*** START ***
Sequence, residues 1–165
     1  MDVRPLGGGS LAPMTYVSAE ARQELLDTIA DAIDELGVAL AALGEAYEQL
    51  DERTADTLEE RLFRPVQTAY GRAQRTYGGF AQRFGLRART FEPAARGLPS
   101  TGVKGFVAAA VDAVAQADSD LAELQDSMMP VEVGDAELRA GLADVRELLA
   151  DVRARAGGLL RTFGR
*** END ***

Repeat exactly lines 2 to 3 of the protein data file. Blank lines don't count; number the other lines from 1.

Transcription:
     1  MDVRPLGGGS LAPMTYVSAE ARQELLDTIA DAIDELGVAL AALGEAYEQL
    51  DERTADTLEE RLFRPVQTAY GRAQRTYGGF AQRFGLRART FEPAARGLPS